Researchers studied coastline from Sagres to Portimão
Heavy metals and microplastics are just some of the pollutants detected on the continental shelf off the Algarve.
So says as an international study led by researcher Pedro Costa, the University of Coimbra (UC) has announced today.
“Human presence has left a polluting signature on the coastal area of the Algarve, with negative impact, for example, on the level of biodiversity,” said Costa, who works out of the Department of Earth Sciences at the Faculty of Science and Technology (FCTUC) at the university.
A statement sent to Lusa explains that the “OnOff” project – which involves more than 20 researchers – carried out “the chronography of extreme events (such as tsunamis and storms) and the effects of human contamination” in this area of the Algarve, over the past 12,000 years.
The study “alerts to the impacts of anthropogenic pollution on the continental shelf off the Algarve”, says the FCTUC press release. “Heavy metals and organic contaminants were detected along the coastal area between Sagres and Portimão” – with the results of research published in specialist magazine Marine Pollution Bulletin.
“The data obtained seems to indicate that in the 1960s there was a peak in pollution, but, curiously, in recent years, this pollution seems to be slowing down slightly, with the exception of the Arade river area, due to regular discharges“, Pedro Costa, co-author of the scientific article, says.
The study reports the presence of “various inorganic and organic pollutants related to human activity, among which are different heavy metals, and even microplastics”.
Due to climate change, “it is expected that we will have more high-energy events, either in precipitation or in storms, which will cause more intense erosive phenomena”.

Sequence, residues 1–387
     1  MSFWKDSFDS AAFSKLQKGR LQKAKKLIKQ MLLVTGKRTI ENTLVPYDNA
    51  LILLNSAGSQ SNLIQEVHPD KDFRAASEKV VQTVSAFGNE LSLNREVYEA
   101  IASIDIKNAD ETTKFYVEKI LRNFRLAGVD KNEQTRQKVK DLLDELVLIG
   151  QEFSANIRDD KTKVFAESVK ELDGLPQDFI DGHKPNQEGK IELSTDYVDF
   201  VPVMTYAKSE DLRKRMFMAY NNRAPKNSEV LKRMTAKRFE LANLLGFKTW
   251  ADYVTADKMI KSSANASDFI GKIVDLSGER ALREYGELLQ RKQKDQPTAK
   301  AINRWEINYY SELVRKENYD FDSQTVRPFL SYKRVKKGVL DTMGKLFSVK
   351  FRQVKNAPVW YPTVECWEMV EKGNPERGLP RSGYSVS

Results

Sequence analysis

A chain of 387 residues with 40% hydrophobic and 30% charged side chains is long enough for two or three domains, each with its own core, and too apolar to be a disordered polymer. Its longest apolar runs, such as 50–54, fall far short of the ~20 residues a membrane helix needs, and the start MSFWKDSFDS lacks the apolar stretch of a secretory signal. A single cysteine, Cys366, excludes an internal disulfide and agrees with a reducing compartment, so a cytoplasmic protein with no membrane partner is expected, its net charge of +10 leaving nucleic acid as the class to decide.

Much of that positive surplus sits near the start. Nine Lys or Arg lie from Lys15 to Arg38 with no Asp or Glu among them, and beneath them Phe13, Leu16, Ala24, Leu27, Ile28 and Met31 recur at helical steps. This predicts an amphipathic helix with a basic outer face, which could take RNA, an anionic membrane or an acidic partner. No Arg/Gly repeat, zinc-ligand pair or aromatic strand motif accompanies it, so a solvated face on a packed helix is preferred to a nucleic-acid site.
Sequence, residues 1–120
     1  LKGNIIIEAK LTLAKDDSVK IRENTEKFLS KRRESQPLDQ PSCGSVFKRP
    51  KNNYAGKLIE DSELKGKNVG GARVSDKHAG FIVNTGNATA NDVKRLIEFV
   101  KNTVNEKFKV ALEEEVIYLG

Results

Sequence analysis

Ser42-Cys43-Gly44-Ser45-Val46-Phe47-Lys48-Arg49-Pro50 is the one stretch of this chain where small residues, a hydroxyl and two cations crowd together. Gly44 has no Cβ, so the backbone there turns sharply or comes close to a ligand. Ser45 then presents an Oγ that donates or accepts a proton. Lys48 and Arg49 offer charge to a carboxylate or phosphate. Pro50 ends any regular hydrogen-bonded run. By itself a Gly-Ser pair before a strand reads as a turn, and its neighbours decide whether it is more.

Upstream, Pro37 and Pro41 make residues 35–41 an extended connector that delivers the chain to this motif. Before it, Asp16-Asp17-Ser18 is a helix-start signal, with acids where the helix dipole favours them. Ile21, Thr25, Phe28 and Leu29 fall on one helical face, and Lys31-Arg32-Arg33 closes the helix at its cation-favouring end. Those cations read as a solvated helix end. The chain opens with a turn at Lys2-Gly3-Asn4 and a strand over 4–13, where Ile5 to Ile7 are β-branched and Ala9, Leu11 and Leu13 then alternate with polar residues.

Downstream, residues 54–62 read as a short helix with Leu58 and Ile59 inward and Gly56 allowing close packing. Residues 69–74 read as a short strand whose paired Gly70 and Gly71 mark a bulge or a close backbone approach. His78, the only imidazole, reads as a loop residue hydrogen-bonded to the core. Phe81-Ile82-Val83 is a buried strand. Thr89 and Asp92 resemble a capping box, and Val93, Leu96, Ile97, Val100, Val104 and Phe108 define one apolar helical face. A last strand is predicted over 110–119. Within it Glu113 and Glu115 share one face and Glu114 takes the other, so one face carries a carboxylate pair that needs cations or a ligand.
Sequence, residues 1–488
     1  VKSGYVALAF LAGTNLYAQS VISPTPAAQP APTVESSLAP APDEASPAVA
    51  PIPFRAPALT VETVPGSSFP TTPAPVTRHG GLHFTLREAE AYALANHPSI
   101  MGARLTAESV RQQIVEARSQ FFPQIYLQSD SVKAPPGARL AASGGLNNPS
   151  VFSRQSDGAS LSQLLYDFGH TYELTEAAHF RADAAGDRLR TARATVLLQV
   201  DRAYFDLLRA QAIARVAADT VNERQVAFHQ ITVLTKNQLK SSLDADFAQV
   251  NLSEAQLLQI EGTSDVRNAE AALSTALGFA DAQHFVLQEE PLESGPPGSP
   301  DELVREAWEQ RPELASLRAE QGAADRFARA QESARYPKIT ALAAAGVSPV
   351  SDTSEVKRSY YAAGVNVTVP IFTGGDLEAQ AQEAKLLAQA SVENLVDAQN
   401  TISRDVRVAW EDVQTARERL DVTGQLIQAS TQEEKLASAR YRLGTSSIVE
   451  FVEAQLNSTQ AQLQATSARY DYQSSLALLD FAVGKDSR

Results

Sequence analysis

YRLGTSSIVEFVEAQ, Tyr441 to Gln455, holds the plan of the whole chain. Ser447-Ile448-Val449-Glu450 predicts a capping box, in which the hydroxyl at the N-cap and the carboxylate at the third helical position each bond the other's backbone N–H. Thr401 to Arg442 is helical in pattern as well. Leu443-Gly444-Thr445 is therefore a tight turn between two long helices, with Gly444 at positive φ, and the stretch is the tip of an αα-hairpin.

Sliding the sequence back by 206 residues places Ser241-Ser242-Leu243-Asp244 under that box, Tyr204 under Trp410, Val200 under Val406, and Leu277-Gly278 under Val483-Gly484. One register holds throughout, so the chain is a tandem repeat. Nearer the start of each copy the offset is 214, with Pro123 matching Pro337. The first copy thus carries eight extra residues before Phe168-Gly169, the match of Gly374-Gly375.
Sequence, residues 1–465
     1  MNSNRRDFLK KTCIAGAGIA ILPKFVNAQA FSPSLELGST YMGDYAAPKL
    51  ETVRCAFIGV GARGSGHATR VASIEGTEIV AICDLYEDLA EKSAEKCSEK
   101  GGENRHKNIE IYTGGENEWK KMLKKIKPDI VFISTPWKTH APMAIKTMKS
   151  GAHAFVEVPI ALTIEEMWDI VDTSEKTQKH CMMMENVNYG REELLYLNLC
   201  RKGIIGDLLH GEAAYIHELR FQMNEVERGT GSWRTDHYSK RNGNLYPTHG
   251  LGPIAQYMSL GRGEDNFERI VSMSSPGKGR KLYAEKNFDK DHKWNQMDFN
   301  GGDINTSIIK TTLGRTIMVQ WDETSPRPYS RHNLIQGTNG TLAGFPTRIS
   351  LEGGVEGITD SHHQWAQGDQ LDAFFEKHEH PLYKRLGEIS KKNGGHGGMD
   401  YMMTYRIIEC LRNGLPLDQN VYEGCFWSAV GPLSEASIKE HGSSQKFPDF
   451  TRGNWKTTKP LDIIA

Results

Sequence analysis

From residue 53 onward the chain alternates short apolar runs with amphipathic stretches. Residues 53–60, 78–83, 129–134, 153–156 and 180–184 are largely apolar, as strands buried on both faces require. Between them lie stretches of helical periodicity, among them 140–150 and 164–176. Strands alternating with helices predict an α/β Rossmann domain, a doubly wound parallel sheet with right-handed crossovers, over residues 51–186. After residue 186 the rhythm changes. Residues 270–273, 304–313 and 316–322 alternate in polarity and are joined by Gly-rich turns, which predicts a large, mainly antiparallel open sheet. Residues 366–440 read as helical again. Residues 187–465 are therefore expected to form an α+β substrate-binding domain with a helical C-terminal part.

“In Portugal, several areas are under pressure, which means this problem will inevitably become more acute. We have always had pollution, but with the changing climate and with the energy levels of these extreme events, phenomena that would be of little intensity may cause serious negative consequences and serious imbalances in coastal systems,” the FCTUC researcher continues.
Besides UC, “OnOff” involved the University of Lisbon, the University of Algarve, the Hydrographic Institute and the Portuguese Environment Agency, besides the University of Aachen (Germany) and the United States Geological Survey.
Called “Contemporary pollution of surface sediments from the Algarve shelf, Portugal”, the project, which began in 2018, “essentially aims to fully reconstruct extreme events, such as tsunamis and storms, and their impacts on the Portuguese coast, based on geological evidence”.
“In other words, it seeks to get information from the underwater seabed to carry out the reconstruction of extreme events, whether of tsunamis, storms or floods, and also of more recent phenomena, such as pollution,” explains Costa.
To do this, scientists carried out “a series of sea campaigns”, with underwater soundings, along the Algarve coast, collecting water samples, sediments and geophysical data between 500 and 30 metres deep.
“This is the innovative aspect of the project because it shows a different archive that was not normally paid attention to and allowed for a detailed reconstruction of the evolution of this region.
“The information obtained at sea is combined with data obtained on land, in lagoon and estuary areas of the Algarve”, says Costa.
“OnOff” can (and presumably hopes to) support “government authorities with useful data for planning, organisation and operationalisation”, he added.
The project is funded by the Foundation for Science and Technology (FCT), the European Union and the Foundation for Research Support of the State of Rio de Janeiro, Brazil.